That said, I’m only here for five days this year and that has ratcheted up the pressure—no time for drinks or friend hangs, just up at 7am every day to jump the streetcar to the Scotiabank Theatre, a Wal-mart of a theatre atop a precarious escalator.
Amanda Knox will be on Netflix later this fall and I know this but I this summer my favourite thing was OJ: Made in America and I need MORE TRUE CRIME. Knox is immediately shown as a single woman with three cats, but in talking head segments reveals herself to be smart and sharp, and a clear victim of the insane UK press—particuarly the moral-less journalist Nick Pisa, who inspires horks of disgust at my 9am screening—and small-town Italian police incompetence. Accused of brutally murdering her roommate—with no motive; she met the girl less than a month earlier—Amanda Knox initially paints her as the prototypical dumb American abroad, studying and partying in Italy. When her roommate, Meredith Kercher, is found murdered, Knox becomes the number one suspect despite having an alibi in the form of her puppy-dog boyfriend Raffaele Sollecito, who later becomes a suspect too. They end up being convicted, having that conviction overturned, having that overturned, and then are finally exonerated. (By the end of it Knox speaks perfect Italian.) Directors Rod Blackhurst and Brian McGinn don’t even need to work to set up their villains, who are clear from the beginning, even if Knox herself posits that she could be a sociopath.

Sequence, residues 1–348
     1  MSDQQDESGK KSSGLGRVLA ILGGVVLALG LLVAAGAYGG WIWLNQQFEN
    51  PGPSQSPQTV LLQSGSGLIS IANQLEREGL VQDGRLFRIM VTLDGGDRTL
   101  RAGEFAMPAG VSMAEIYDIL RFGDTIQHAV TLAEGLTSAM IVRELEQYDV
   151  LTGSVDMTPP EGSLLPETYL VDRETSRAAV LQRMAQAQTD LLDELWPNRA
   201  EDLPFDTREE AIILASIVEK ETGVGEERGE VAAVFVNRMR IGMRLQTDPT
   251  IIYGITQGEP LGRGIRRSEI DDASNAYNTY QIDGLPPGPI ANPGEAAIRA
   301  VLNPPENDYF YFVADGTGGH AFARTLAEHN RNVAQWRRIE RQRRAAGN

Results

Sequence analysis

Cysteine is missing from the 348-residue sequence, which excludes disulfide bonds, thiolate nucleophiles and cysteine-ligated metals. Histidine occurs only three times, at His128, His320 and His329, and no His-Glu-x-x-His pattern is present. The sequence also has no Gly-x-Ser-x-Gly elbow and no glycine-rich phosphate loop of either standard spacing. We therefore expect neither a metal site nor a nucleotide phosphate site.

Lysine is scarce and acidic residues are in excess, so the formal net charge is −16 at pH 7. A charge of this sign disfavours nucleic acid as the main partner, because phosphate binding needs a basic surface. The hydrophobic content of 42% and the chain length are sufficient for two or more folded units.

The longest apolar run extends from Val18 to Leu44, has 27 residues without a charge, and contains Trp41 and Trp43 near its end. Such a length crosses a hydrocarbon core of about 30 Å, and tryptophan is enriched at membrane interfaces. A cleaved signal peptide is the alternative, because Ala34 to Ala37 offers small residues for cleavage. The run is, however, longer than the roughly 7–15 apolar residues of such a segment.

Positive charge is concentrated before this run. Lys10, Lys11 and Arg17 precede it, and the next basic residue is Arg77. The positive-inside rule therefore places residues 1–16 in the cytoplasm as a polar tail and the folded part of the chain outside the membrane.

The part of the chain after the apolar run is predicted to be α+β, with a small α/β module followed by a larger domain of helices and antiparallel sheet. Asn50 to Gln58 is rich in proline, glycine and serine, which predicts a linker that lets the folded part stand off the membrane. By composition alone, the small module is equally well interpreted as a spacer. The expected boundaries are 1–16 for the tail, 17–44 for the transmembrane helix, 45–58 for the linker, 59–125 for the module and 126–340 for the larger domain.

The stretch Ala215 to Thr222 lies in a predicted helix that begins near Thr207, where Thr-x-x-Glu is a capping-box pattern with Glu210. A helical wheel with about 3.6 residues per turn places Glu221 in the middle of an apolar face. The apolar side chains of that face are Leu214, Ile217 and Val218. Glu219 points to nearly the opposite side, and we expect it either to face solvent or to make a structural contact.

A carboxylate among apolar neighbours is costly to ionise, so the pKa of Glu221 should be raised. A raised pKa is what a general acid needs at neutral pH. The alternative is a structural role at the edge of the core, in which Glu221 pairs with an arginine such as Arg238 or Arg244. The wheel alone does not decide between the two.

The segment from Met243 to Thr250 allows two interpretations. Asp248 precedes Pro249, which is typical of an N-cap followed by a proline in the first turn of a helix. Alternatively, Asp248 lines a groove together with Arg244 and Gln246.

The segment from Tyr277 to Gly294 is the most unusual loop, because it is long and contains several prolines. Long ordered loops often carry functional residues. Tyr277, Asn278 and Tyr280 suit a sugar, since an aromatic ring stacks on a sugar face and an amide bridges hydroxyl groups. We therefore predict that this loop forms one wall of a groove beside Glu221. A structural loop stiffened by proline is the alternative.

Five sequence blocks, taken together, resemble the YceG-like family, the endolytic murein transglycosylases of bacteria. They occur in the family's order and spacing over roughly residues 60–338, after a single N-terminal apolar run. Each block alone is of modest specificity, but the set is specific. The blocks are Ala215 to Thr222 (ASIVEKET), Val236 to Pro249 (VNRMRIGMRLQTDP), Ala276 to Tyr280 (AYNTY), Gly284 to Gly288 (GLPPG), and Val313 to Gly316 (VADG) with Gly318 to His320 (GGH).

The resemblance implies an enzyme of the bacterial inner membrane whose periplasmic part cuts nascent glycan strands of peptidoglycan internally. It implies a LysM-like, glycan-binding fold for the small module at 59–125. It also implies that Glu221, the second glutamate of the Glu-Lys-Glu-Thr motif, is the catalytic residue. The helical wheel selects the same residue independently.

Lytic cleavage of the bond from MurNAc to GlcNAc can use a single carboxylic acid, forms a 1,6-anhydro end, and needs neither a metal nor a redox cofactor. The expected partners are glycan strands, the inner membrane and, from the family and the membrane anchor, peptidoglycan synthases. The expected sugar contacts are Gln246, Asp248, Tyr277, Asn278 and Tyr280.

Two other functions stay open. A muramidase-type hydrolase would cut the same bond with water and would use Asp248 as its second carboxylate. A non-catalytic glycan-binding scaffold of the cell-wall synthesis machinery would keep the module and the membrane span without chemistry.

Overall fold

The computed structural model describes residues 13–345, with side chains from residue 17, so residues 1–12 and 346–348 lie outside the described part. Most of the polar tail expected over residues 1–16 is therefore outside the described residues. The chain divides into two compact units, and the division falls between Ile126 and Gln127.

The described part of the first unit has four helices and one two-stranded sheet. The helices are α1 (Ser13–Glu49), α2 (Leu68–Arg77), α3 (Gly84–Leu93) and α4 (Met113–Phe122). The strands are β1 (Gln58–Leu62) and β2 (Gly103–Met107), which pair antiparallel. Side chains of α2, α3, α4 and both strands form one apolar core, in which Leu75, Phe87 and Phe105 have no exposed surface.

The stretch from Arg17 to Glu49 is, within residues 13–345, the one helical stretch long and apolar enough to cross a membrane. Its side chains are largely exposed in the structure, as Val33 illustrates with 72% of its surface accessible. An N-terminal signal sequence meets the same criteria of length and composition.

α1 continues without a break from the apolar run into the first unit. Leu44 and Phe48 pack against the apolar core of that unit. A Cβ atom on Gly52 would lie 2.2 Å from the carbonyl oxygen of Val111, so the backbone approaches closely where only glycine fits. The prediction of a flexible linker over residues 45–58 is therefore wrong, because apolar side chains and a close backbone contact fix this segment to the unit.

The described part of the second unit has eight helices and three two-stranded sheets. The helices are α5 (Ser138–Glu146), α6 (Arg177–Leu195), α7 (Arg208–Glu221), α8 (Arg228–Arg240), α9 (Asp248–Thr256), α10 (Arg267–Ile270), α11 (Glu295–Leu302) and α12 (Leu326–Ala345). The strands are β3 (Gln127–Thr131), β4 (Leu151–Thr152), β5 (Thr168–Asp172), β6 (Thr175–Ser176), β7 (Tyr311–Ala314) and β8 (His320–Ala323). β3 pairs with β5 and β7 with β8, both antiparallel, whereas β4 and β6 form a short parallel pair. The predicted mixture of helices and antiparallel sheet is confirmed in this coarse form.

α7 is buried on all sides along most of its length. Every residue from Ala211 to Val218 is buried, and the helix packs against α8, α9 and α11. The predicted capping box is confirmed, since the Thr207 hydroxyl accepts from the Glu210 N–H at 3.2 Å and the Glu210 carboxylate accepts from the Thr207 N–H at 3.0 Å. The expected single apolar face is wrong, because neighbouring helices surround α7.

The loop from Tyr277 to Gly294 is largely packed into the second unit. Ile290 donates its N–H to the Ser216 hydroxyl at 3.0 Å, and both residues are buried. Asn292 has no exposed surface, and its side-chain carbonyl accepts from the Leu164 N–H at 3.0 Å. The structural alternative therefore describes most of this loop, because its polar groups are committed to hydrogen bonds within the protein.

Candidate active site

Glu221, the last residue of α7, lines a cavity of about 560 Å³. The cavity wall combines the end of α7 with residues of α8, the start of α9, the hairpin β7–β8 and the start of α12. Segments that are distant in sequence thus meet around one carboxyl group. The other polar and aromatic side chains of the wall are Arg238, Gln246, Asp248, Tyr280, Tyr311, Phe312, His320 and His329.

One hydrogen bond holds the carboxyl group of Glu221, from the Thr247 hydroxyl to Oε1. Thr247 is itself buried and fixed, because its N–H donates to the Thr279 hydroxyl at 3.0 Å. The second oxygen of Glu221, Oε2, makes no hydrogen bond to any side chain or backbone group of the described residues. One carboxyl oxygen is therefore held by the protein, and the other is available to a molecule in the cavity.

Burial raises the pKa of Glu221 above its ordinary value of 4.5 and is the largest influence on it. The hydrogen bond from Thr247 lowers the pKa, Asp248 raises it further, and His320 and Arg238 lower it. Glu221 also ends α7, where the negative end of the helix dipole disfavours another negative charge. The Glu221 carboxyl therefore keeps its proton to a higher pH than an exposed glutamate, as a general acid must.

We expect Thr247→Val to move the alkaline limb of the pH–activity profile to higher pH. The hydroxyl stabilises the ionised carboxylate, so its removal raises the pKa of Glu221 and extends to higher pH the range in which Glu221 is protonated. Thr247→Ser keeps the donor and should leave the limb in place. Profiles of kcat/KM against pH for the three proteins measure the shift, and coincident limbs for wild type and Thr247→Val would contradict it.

Some of the higher-demand press/industry screenings, including La La Land on Monday, are being held at the Princess of Wales Theatre, a big old beautiful place where the ushers still wear uniforms. The line for Arrival circles the block, one of my pet peeves about this festival—why would you not tell me to cut through the alley 500 feet back that way? Anyway I get in and a get a nice seat for Denis Villeneuve’s latest, a sci-fi thinger I would never bother with were it not for Amy Adams. (Between Adams, Sandra Bullock in Gravity and Jessica Chastain in Interstellar and The Martian, all my best girls keep going to space. As Bullock once yelled, “Fuck space!”
Anyway I am totally wrong in this case; Arrival is a beautiful, touching drama about connectivity and communication. A dozen alien pods arrive on earth—floating above, no attacks yet—and Adams, as America’s best linguist, is pulled in by the army as an interpreter. They essentially want her to create a language from what the aliens spit out to determine whether they plan to attack or not. Jeremy Renner is also there, but that’s not important. For a space-invasion movie, Arrival trades explosions and patriotism for understanding and heart. Despite a late-act twist that throws me off for a few minutes, it’s hugely affecting and should be a big hit in November.
I feel similarly going into A Monster Calls, which is a fantastical family drama starring Liam Neeson as a talking tree. None of that is up my alley. I take a seat next to my friend Kevin Jagernauth, who is based in Montreal and writes for The Playlist. I end up trying to hide my tears from him for the most part; we both love this movie so much. Lewis MacDougall plays Conor, a boy whose mother (Felicity Jones) is terminally ill. Staring down life with his stuffy grandmother (Sigourney Weaver), he turns inside himself, to the artistic ability he shares with his dying mother. One of his drawings, a giant tree (“Monster”) comes to life at night and tells him stories in order to prepare him for what’s to come. Conor is slowly facing his fears but also still running from them; the climax is devastating. A Monster Calls is due out next month.